It couldn’t be a screen saver pop up or posters on a wall. The values had to be really heard and felt. At the same time, we also had a business that was hiring in the hundreds each year so scaling culture means getting this right.
These are two distinct notions when it comes to hiring: hiring for values and for culture. One should stay pretty fixed, and the other should be dynamic as your business context is always changing. If a company’s values are its bedrock, then a company’s culture is the shifting landscape on top of it. Hiring purely for culture is a recipe for self-reinforcing hiring, aka hiring that is biased. As we all know, innovation comes from the diversity of background/thought/etc, so by hiring only for the culture you can decrease, or even stifle innovation.
Celebrate that just as your product is always evolving, so will your culture. That means people who were great when you were a team of 50 may not be the right person for when you get to 500.
At Sapia we work with our customers to ensure their values are embedded right from the chat interview. This takes many forms, including
No recruiter could ever get that feedback data at the scale and speed to improve their recruitment process. But using Sapia we make a hard decision easier, meaning you can focus on hiring the right people to grow your business, at scale, without sacrificing the candidate experience. And if the VP for a global business focused on connecting people to opportunity can’t recognise bias, it’s a sure sign we need to pay more attention to who, and how, we hire.
“Talent is really distributed very evenly in the world, and opportunity is not.”
So, what do you think? Is your hiring values-driven, or based on the ever-intangible ‘culture-fit’? How do you scale hiring based on values? And how can we in HR, Talent Acquisition and Recruitment support hiring managers to grow innovative, diverse teams?
You can try out Sapia’s Chat Interview right now, or leave us your details to book a demo
In the current world, websites like LinkedIn have become a great platform for people to seek out new job opportunities. Same for organisations.
Given the current COVID-19 crisis, almost daily I come across 2 or 3 posts of people seeking to find a job as their company let them go, due to the economic situation.
Such posts are very popular. The power of social media is really unravelled in these times with a clear case multiple strangers coming to rescue to the person who starts the post. This help is extended either in case of connecting for an opportunity or by simply commenting so that more and more see in their personal feeds and the post goes viral.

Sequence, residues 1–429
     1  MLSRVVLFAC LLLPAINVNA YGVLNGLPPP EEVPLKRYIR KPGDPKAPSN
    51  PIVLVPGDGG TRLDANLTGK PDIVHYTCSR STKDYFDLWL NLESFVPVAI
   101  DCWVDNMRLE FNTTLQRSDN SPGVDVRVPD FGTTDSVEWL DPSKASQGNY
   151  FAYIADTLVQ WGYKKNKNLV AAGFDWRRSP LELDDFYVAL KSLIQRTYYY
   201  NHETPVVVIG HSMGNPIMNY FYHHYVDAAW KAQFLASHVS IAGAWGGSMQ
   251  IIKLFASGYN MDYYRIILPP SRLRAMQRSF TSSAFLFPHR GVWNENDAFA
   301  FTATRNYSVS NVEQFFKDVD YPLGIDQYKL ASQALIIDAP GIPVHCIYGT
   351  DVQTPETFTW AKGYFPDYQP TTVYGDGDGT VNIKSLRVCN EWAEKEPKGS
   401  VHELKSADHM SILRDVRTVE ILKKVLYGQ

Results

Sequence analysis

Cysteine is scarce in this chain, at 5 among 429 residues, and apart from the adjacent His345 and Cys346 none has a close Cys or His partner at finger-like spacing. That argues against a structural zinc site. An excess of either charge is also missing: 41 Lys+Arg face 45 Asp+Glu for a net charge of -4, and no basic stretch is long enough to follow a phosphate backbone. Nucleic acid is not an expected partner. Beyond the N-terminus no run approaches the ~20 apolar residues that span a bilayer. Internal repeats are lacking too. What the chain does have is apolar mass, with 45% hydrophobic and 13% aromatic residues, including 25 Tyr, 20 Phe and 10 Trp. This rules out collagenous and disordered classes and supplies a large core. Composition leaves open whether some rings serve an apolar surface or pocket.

I am sure many prospective candidates or affected people may have found their job of choice or compulsion with this. Great effort indeed!
But this also brings out the fact that many people (and companies) may be little hasty in making the job decision.
Given that hiring is an expensive process, HR leaders and hiring managers have often struggled with the possibility of the candidate leaving the job in a few months or years from joining.
Problems become more complex with the fact that the current breed of young workers rate company loyalty relatively lower in their ranking of traits of a dream job. A better brand, a better culture or better compensation can sway them to the other side of the door.
Another study found that in some sectors, the average stay in the company is reducing rapidly due to the high attrition.
People who move from one job to the other very often are popularly known as ‘Job Hoppers’.
One study says that in 2018, the turnover cost was $680 Billion in the US economy. Here is the link to the study.
As a phenomenon, job-hopping has been an area of significant interest for both industry and academia.
Now a new study may have found the solution to this problem with the help of Artificial Intelligence techniques.
The study titled ‘Predicting job-hopping likelihood using answers to open-ended interview questions’ scanned through over 45,000+ interview responses to correlate them with personality types using multiple AI techniques to lead to conclusion.
The correlation models used for assessment of the personality types derived from the interview responses with the propensity of job-hopping are below –
The conclusion of the study is –
The full study with details of the future work prospects in the area can be found here.
Amitesh Tyagi, Grow Daily, 25/07/2020
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Tristan Harris, the ex-Googler, now an evangelist for humane Ai and featured in The Social Dilemma shares the stunning fact that 70% of the videos we watch on YouTube, on average 60 minutes a day, come from the recommendation of algorithms.
His point? That choice is illusory.
When a machine can understand you better than you can understand yourself you lose your power. You also loose choice.
The now-famous historian Yuval Noah Harari has written and spoken about the threat to humanity from the type of artificial intelligence that knows us better than we know ourselves.
This is the worst kind of Ai.
When you think that you are in control of those choices, but you can’t see it to even know it’s happening. Google and Facebook and many other Silicon Valley behemoths have mastered this. They own this space.
Not all Ai can be weaponised against you.
The predictive technology that underpins tools like Spotify, Netflix do enrich peoples’ enjoyment in music and movies.
Not to weaponize your choices. Not to be used against you.
We, humans, move from being hacked to hacking ourselves.
Finally, Ai that gives you back your human agency.
300,000 candidates for jobs ranging from retail, sales, call centres, carers, graduates, HR managers, … this is how they feel about the use of Ai that is designed for their benefit.
Imagine what the world would look like if the whole world had better self-awareness.
Today not knowing yourself carries an even greater cost.
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Finally, you can try out Sapia’s Chat Interview right now, or leave us your details to get a personalised demo